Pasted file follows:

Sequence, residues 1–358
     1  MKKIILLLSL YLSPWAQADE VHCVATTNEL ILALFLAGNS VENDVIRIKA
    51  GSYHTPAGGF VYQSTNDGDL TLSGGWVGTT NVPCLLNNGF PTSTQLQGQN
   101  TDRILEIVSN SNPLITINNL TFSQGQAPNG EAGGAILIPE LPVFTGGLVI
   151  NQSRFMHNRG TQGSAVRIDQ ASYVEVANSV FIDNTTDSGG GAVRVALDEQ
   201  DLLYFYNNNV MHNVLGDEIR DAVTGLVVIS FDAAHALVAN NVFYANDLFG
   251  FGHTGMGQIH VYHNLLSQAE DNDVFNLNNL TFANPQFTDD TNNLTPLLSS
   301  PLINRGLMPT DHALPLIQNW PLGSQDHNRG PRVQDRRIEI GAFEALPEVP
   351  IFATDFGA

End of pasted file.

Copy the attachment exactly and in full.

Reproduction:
Sequence, residues 1–358
     1  MKKIILLLSL YLSPWAQADE VHCVATTNEL ILALFLAGNS VENDVIRIKA
    51  GSYHTPAGGF VYQSTNDGDL TLSGGWVGTT NVPCLLNNGF PTSTQLQGQN
   101  TDRILEIVSN SNPLITINNL TFSQGQAPNG EAGGAILIPE LPVFTGGLVI
   151  NQSRFMHNRG TQGSAVRIDQ ASYVEVANSV FIDNTTDSGG GAVRVALDEQ
   201  DLLYFYNNNV MHNVLGDEIR DAVTGLVVIS FDAAHALVAN NVFYANDLFG
   251  FGHTGMGQIH VYHNLLSQAE DNDVFNLNNL TFANPQFTDD TNNLTPLLSS
   301  PLINRGLMPT DHALPLIQNW PLGSQDHNRG PRVQDRRIEI GAFEALPEVP
   351  IFATDFGA